laugh at


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laugh

 (lăf, läf)
v. laughed, laugh·ing, laughs
v.intr.
1. To express certain emotions, especially mirth or delight, by a series of spontaneous, usually unarticulated sounds often accompanied by corresponding facial and bodily movements.
2. To show or feel amusement or good humor: an experience we would laugh about later on.
3.
a. To feel or express derision or contempt; mock: I had to laugh when I saw who my opponent was.
b. To feel a triumphant or exultant sense of well-being: You won't be laughing when the truth comes out.
4. To produce sounds resembling laughter: parrots laughing and chattering in the trees.
v.tr.
1. To affect or influence by laughter: laughed the speaker off the stage; laughed the proposal down.
2. To say with a laugh: He laughed his delight at the victory.
n.
1.
a. The act of laughing.
b. The sound of laughing; laughter.
2. Informal Something amusing, absurd, or contemptible; a joke: The solution they recommended was a laugh.
3. often laughs Informal Fun; amusement: went along just for laughs.
Phrasal Verbs:
laugh at
To treat lightly; scoff at: a daredevil who laughed at danger.
laugh off (or away)
To dismiss as ridiculously or laughably trivial: laughed off any suggestion that her career was over.
Idioms:
laugh all the way to the bank
To take glee in making money, especially from activity that others consider to be unimpressive or unlikely to turn a profit.
laugh out of the other side of (one's) mouth
To see one's good fortune turn to bad; suffer a humbling reversal.
laugh up/in (one's) sleeve
To rejoice or exult in secret, as at another's error or defeat.

[Middle English laughen, from Old English hlæhhan, probably ultimately of imitative origin.]

laugh′er n.
laugh′ing·ly adv.
ThesaurusAntonymsRelated WordsSynonymsLegend:
Verb1.laugh at - subject to laughter or ridiculelaugh at - subject to laughter or ridicule; "The satirists ridiculed the plans for a new opera house"; "The students poked fun at the inexperienced teacher"; "His former students roasted the professor at his 60th birthday"
bemock, mock - treat with contempt; "The new constitution mocks all democratic principles"
tease - mock or make fun of playfully; "the flirting man teased the young woman"
lampoon, satirise, satirize - ridicule with satire; "The writer satirized the politician's proposal"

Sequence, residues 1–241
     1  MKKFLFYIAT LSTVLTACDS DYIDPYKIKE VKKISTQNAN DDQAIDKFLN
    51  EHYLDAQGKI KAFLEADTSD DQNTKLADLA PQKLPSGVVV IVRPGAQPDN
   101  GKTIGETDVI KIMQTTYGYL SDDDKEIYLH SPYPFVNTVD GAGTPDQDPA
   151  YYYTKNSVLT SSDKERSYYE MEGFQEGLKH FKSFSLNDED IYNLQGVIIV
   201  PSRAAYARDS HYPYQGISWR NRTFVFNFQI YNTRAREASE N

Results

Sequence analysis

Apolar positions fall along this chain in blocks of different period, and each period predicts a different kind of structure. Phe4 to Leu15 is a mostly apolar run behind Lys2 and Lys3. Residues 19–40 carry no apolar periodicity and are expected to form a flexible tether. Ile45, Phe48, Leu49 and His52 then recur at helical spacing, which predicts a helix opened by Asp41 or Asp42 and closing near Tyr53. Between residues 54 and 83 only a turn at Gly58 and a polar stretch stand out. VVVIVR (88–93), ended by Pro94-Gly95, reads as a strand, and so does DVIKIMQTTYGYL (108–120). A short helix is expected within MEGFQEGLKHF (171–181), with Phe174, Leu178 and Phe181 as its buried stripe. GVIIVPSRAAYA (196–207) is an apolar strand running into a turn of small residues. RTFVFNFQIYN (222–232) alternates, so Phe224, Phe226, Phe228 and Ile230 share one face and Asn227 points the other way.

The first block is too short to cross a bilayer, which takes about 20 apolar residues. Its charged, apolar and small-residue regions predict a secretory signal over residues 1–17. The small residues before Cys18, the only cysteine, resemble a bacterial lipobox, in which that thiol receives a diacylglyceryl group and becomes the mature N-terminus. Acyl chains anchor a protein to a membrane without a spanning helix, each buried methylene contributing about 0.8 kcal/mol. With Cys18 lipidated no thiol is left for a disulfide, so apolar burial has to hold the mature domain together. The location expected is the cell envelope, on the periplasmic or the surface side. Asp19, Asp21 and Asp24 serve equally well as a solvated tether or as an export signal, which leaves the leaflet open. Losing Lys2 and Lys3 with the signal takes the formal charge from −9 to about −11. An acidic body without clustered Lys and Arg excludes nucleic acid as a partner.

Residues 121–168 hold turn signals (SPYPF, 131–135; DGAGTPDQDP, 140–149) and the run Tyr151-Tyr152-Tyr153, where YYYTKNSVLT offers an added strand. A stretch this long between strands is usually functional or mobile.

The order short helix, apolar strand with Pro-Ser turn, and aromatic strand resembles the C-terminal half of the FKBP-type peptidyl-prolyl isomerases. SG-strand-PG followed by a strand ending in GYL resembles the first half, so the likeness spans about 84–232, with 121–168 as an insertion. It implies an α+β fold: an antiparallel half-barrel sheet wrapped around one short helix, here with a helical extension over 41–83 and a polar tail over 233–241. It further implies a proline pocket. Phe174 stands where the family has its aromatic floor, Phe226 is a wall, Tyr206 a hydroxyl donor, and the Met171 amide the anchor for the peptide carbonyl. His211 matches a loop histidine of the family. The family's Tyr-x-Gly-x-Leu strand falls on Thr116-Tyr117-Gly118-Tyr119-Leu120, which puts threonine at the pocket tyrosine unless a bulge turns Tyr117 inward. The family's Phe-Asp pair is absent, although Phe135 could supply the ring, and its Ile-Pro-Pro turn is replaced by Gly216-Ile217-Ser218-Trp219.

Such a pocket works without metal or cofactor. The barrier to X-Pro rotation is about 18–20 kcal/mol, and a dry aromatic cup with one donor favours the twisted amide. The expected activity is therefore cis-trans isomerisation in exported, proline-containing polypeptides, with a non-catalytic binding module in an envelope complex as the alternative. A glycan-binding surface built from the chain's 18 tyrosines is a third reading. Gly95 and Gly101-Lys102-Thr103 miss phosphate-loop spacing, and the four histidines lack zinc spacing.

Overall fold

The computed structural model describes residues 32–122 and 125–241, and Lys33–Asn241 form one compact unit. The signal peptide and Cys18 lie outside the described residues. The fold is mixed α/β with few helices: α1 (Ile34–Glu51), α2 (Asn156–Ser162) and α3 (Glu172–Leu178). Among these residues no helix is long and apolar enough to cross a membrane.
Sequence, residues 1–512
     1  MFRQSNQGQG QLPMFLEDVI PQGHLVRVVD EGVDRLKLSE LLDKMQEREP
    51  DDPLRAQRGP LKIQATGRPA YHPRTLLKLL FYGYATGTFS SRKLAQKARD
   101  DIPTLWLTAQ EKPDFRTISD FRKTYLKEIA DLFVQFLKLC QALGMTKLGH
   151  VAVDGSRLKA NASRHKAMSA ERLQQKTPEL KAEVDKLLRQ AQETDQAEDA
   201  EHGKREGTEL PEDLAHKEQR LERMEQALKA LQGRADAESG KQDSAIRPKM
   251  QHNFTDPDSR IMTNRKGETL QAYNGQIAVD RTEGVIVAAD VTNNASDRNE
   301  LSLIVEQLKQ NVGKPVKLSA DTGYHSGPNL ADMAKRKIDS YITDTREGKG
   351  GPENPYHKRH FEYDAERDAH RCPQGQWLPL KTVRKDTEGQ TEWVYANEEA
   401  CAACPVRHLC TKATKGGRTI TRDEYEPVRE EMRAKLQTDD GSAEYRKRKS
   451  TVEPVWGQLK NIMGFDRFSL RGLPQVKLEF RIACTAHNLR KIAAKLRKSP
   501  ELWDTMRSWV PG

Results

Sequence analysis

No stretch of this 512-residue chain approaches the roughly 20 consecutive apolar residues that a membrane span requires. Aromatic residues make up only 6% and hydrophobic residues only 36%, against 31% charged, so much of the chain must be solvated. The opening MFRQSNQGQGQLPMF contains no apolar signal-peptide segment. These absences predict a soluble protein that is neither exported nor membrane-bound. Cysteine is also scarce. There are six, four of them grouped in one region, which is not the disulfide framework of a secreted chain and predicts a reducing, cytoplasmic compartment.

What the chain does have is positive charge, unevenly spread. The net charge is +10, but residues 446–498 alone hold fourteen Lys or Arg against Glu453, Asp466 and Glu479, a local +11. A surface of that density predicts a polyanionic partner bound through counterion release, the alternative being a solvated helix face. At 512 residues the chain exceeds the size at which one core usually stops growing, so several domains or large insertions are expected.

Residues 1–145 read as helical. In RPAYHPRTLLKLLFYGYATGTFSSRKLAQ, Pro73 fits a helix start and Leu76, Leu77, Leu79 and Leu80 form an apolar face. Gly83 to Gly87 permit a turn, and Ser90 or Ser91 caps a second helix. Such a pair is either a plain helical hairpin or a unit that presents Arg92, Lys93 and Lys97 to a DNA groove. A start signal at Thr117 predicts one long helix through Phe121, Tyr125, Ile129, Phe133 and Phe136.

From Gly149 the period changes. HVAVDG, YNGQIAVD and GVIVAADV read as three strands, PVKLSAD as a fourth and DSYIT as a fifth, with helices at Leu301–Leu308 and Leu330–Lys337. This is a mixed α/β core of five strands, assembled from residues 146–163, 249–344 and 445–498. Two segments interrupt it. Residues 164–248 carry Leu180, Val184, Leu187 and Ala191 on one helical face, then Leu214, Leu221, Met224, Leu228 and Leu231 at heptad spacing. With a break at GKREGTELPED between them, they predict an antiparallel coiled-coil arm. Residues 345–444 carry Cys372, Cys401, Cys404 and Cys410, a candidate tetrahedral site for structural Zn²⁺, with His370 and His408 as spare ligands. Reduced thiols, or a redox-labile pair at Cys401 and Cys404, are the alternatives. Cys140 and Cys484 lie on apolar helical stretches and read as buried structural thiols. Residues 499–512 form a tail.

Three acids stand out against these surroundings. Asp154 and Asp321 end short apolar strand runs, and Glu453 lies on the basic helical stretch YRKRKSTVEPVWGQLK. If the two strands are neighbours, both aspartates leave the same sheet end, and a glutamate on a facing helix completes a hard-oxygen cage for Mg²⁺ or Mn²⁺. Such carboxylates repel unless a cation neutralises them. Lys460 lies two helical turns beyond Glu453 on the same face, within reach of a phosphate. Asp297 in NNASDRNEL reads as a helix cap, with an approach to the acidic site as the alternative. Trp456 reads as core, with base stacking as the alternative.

debunk, expose - expose while ridiculing; especially of pretentious or false claims and ideas; "The physicist debunked the psychic's claims"
stultify - cause to appear foolish; "He stultified himself by contradicting himself and being inconsistent"

laugh

verb
1. To express amusement, mirth, or scorn by smiling and emitting loud, inarticulate sounds:
Informal: heehaw.
Idioms: die laughing, laugh one's head off, roll in the aisles, split one's sides.
2. To make fun or make fun of:
Chiefly British: quiz.
Idiom: poke fun at.
noun
1. An act of laughing:
Informal: heehaw.
2. Informal. Something or someone uproariously funny or absurd:
Informal: hoot, joke, scream.
Slang: gas, howl, panic, riot.
Translations
يَضْحَك مِن، يَهْزَأ من
vysmívat se
grine af
hlæja aî
alay etmekgülmek

laugh

(laːf) verb
to make sounds with the voice in showing happiness, amusement, scorn etc. We laughed at the funny photographs; Children were laughing in the garden as they played.
noun
an act or sound of laughing. He gave a laugh; a loud laugh.
ˈlaughable adjective
1. ridiculous or deserving scorn. Her attempts at drawing were laughable.
2. amusing; comical.
ˈlaughably adverb
ˈlaughingly adverb
as a joke. She suggested laughingly that he should try it himself.
ˈlaughter noun
the act or sound of laughing. We could hear laughter / the sound of laughter from the next room.
ˈlaughing-stock noun
someone who is laughed at. If I wear that hat, I'll be a laughing-stock.
laugh at
to make it obvious that one regards something or someone as humorous, ridiculous or deserving scorn. Everyone will laugh at me if I wear that dress!; The others laughed at his fears.
References in classic literature ?
I don't believe any of you suffer as I do," cried Amy, "for you don't have to go to school with impertinent girls, who plague you if you don't know your lessons, and laugh at your dresses, and label your father if he isn't rich, and insult you when your nose isn't nice.
Neither one, you--you unscientific heathen," answered Tom, with a laugh at Ned.
Washington, May 7 ( ANI ): Researchers have said that it's just one third of the time that people are able to fool others by pretending to laugh at their dumb jokes.
Brooks Hall, a first-year student, said he signed up for the class because he has thought a lot about "what makes things funny to me and why I laugh at something when someone else doesn't.
Learning to laugh at ourselves is an important part of becoming our best selves.
Then Barbara whispered she had a secret to share and we were to laugh at her secret.
Being able to laugh at one's self is a sure sign of confidence.
Laugh at her or throw roses at her feet, this time around, the lady's got a way with discord.
I ACTUALLY found myself laughing at a crying baby the other day, which is a strange thing to laugh at.
because you can laugh at things to scorn, and they need to be scorned.
As she tells the 30 or so people on her Sunday morning course at the Lea Marston Hotel near Kingsbury, she suffered a nervous breakdown, ended up being sectioned and finally managed to come out the other side with the courage to laugh at what she'd been through.